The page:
“No, I must go,” he announced, clicking his heels. “I can spend no longer standing here in idle chatter; our Colonel awaits me! I look forward to tomorrow evening, and Miss Bennet, if you stop scowling and smile pleasantly at me, I shall engage you for the first two dances. Good day, Mrs Forster.” With a short bow he set off at a march along the promenade before Lydia had a chance to answer him. She left her friend in no doubt of what she thought of his behaviour.

“Well, of all the conceited, arrogant…good Lord! That man is the end! He thinks he has only to say the word and I shall jump. Well, I will not! I shall endeavour to dance all night with Denny and Chamberlayne or indeed anyone who might wish to partner me but Mr Wickham!”

Sunday, February 14, 2010

A Valentine Snippet from Willoughby's Return, a Sense and Sensibility Sequel

To celebrate Valentine's Day, here is a snippet from Willoughby's Return. I wanted this book to be as much Margaret's story as Marianne's and I thought it high time she started to enjoy herself by attending balls and meeting young men. Colonel Brandon's sister and family have recently returned to Whitwell and his nephew, Henry Lawrence, back home from university, is introduced to Margaret for the first time at a ball at the Brandon's home, Delaford.

The gong rang out, calling the weary dancers to rest awhile and replenish their energy. All the guests hurried off to the dining room, where tables were set, groaning under the weight of a magnificent spread. The musicians laid aside their instruments and dashed to the servant’s hall for a glass of negus and a bowl of soup. Colonel Brandon ushered his guests, Sir Edgar and Henry Lawrence, to his table, where much to her great delight, Margaret already sat, with her mother, the Middletons, and Mrs
Jennings. There was such a hubbub and frenzied bustle about the room as people found their chairs and struck up conversation.

Every little party was talking nineteen to the dozen, piling plates with cold meat and hot pies, sweets and sorbets, filling glasses with ice cold wine. Everyone had so much to say and wanted to say it all at once. The sound of chattering, braying, prattling, and screeching, punctuated by howling laughter or tittering giggles, added to the delirious atmosphere.

Henry took his seat next to Margaret. “This evening is surpassing all my expectations,” he whispered, smiling into her
eyes. “This is so much fun, do you not agree, Miss Dashwood?”

“I do, indeed, Mr Lawrence,” she replied. “I am enjoying myself very much, though I would more so if I felt we were not under so much scrutiny. Do not look now, but we are being observed.”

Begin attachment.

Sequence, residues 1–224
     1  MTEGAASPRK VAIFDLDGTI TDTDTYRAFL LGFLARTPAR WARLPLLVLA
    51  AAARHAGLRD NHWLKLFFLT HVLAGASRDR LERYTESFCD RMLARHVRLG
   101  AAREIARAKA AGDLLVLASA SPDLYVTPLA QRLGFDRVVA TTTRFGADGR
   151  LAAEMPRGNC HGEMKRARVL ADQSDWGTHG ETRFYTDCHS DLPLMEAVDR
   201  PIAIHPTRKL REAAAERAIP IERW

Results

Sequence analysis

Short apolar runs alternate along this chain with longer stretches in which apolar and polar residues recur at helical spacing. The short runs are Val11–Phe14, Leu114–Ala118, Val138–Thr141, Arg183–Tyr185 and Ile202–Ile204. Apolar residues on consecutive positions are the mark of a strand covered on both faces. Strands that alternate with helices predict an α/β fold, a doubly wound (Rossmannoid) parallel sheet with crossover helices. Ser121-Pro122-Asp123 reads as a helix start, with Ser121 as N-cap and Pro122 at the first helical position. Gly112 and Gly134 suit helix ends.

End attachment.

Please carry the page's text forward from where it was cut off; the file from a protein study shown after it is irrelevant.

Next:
“Let me guess, Miss Dashwood,” he responded, “Lady Middleton and her sweet mother are watching us and, no doubt,
trying to catch the essence of our conversation. Hmm, let me see. I must give them something on which to ponder and discuss.”

He selected a dish of pink, heart-shaped marchpane and, taking one between thumb and forefinger, proffered it toward her,
proclaiming in an audible voice for all to hear, “Miss Dashwood, may I offer my heart? Pray, do not leave me in suspense, I beg
you. Do not break it, but take it and devour it whole!”

Margaret felt mortified, especially when she saw Lady Middleton exchange knowing glances with Mrs Jennings. Everyone laughed when Margaret refused to take the heart and even more so when Henry begged again and it was only when
Mrs Jennings spoke that the table fell silent.

“Colonel Brandon, where is your dear wife? Has she not come in to supper? I cannot think where she can be and for that matter, I cannot recall when I saw her last. I hope she is not ailing; she did look a trifle pale after the last dance. Bless my soul, but I must say it is probably wiser that she sit down more often.”

Margaret looked about the room and, in so doing, caught her sister Elinor’s solemn expression. They had each perceived
the hints that Mrs Jennings was making and knew their sister would be far from pleased. But apart from that neither of them
could see Marianne and both recognised the solicitous mien in the other.

Wednesday, February 10, 2010

A love of Costume - paintings from my sketchbook

This is very tenuously linked from my last post, but one of the exhibitions they had on at Chatsworth featured the costumes from 'The Duchess' which starred Keira Knightley and Dominic Cooper who we also know as Mr Willoughby, of course. I think this era and the Regency period have to be my favourite for costume - I'm not sure I would have enjoyed being trussed up in all that stuff on a daily basis, though when I was much younger, I did dress up in similar costumes for Fancy Dress parties. I've always loved dressing up!